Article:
Why the hell?
I told someone in a coffee shop today that I don’t believe in hell and she thought I might go to hell for that. She wasn’t sure about much theology or even what she believed about God, but she was pretty sure that I was supposed to believe in hell if I was a pastor.
Why the hell? Why did we get shackled to this extra-biblical idea of eternal souls and punishment? It was Jesus who said, “Whoever believeth in me shall not perish but receive everlasting life” right? If everyone already has an everlasting soul, then what kind of promise is Jesus making to Nicodemus in John 3:16? Is everlasting life something we receive or is it something we have already by nature of our humanity? Is “the afterlife” a given for everyone and it’s up to us whether we spend eternity in the bad place or the good place? I don’t think so, but it’s remarkable how much staying power this idea has.
Rob Bell’s book was aight
I just read Rob Bell’s supposedly scandalous book from 2010, Love Wins, which precipitated his departure from his megachurch and his exit form the evangelical mainstream. In the eyes of his critics, the worst thing he did was question this old script of eternal punishment. But I agree with his argument. Without the presupposition of the eternal soul, all of the scripture references to “hell” (Sheol, the grave, Hades, the pit, the lake of fire) can be interpreted very differently. Circle of Hope pastors have considered this here, here, and here. Bell’s book was not a revelation to me. It was, however, an artful, empathetic, and pastoral invitation to an alternate view. I think many people need to hear this Good News, still.
I might join Bell’s critics when he suggests that salvation can come to people through Jesus even if Jesus is not named as their Savior explicitly. He is pegged as a Universalist now. He hints at the possibility that by other faiths and traditions individuals may arrive at a way of being that Jesus desires for everyone. Maybe that is what he is trying to say but I am not sure Rob fits perfectly in that Universalist shoe. It seems to me that Jesus is still very much his personal Savior. But his nuanced language is not definitive enough for most people. Theologians, and Christians in general, seem to want more certitude. There is comfort in certitude. They fear that “mystery” might be the means by which Jesus is depersonalized into the “Force’, or the “Source’, or the “Universe,” or something else that robs him of his proper place. People do abuse “mystery” this way, but not all do, and I don’t think Rob does.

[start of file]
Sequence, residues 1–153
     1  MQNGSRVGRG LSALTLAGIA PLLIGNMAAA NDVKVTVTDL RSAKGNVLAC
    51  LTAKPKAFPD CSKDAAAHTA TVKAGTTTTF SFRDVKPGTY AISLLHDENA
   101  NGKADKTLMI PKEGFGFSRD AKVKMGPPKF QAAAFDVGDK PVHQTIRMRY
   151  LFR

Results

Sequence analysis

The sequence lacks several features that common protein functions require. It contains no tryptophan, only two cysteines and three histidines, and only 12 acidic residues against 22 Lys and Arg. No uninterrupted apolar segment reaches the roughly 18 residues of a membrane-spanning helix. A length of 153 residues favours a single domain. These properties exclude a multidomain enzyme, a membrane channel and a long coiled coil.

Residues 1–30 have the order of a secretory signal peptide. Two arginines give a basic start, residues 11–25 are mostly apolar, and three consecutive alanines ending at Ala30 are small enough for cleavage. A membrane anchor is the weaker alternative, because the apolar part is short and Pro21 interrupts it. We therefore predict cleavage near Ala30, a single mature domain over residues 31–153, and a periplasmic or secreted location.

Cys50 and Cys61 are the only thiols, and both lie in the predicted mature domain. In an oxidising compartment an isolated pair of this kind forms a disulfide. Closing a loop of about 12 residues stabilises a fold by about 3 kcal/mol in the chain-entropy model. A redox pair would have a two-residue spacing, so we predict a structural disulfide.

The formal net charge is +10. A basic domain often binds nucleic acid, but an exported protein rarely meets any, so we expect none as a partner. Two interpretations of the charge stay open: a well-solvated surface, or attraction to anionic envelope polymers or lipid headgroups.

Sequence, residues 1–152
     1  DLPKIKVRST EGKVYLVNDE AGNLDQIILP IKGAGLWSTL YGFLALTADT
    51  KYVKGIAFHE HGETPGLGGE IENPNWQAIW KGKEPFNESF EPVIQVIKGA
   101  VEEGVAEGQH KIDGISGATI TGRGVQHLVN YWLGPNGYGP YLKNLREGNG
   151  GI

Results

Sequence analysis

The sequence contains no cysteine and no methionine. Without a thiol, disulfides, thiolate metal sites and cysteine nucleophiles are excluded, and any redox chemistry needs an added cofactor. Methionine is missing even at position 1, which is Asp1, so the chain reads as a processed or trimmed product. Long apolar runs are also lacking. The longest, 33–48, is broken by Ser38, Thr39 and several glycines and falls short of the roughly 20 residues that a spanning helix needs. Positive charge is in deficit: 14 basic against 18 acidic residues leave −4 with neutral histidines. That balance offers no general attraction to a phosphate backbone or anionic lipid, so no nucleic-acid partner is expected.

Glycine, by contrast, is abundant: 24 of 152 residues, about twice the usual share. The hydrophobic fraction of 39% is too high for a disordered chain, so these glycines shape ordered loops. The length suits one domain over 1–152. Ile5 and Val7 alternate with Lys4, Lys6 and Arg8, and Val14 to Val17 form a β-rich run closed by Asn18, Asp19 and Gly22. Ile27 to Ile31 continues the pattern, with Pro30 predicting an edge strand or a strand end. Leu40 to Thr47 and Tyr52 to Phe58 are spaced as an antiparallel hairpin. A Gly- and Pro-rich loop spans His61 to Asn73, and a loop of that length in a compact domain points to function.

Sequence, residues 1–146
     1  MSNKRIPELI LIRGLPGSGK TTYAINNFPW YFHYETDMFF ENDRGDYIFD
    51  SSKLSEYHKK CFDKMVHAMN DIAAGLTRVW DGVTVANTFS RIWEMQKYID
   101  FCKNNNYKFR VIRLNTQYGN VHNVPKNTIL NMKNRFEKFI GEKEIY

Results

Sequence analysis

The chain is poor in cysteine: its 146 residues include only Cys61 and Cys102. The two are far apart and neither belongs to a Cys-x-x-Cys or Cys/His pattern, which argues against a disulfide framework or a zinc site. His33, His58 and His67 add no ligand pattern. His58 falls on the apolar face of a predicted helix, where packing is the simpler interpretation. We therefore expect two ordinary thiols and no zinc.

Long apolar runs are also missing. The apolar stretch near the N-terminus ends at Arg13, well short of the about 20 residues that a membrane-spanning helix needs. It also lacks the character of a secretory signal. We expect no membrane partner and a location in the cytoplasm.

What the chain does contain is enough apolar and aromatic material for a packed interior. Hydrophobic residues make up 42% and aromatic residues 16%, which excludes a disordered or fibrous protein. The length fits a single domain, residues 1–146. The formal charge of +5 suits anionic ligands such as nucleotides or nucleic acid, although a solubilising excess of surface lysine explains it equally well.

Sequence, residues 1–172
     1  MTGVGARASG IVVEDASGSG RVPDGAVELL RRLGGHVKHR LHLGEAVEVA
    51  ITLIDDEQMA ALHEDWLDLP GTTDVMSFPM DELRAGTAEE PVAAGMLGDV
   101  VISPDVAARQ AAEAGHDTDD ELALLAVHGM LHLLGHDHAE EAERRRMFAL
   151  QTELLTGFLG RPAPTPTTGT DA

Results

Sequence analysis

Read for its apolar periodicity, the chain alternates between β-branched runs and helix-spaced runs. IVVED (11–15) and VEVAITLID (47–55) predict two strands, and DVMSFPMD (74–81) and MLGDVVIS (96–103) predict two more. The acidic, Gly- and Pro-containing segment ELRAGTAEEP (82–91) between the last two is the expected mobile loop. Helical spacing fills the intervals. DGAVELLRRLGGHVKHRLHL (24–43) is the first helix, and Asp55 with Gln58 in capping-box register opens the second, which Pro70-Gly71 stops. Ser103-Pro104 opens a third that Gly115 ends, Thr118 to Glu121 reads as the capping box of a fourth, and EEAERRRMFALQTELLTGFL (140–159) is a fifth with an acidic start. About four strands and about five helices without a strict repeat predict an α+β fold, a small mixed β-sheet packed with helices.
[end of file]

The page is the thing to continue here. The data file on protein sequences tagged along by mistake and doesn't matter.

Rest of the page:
We want some people to go to hell, tho.
Some people find a lot of comfort in the fact that the bad people are going to hell. They need justice to be done, and the only thing bad enough is eternal punishment. Other people find a perverse sort of comfort in the probability that they themselves are going to hell. At least the universe makes sense if bad people (even if that’s me) get what they deserve eventually. I think the idea of hell is comfortable, like a toxic relationship that we don’t have the energy to change or escape. But we don’t get what we deserve–not now and not after we die. Jesus offers us everlasting life as a gift, not a reward for good behavior.
Isn’t this Good News? I don’t have to earn anything. I’m getting off the scale. Measuring up is no longer my goal. My performance is now for art sake, and not for the reviews. I am free. This demand for merit is what made me not free. That cosmic calculus is what made me a slave. This Truth is taking root in me and it has changed and will continue to change my life.
Let’s get some real Good News!
Let’s keep undoing that story about hell and eternal punishment. Jesus came not to condemn the world but to save it. You can receive that salvation and inherit eternal life, or not. If you don’t want a life with God, okay–you don’t have to have it. Why the hell would God die for you so that he could reserve the right to torture you forever? That just doesn’t make sense. And demanding that it make sense undoes all the other Good News that comes with Jesus’ death and resurrection. Judgment day is coming but the verdict has already been given and the sentence has already been served. Punishment itself died with Christ. Now that is Good News! You can have it.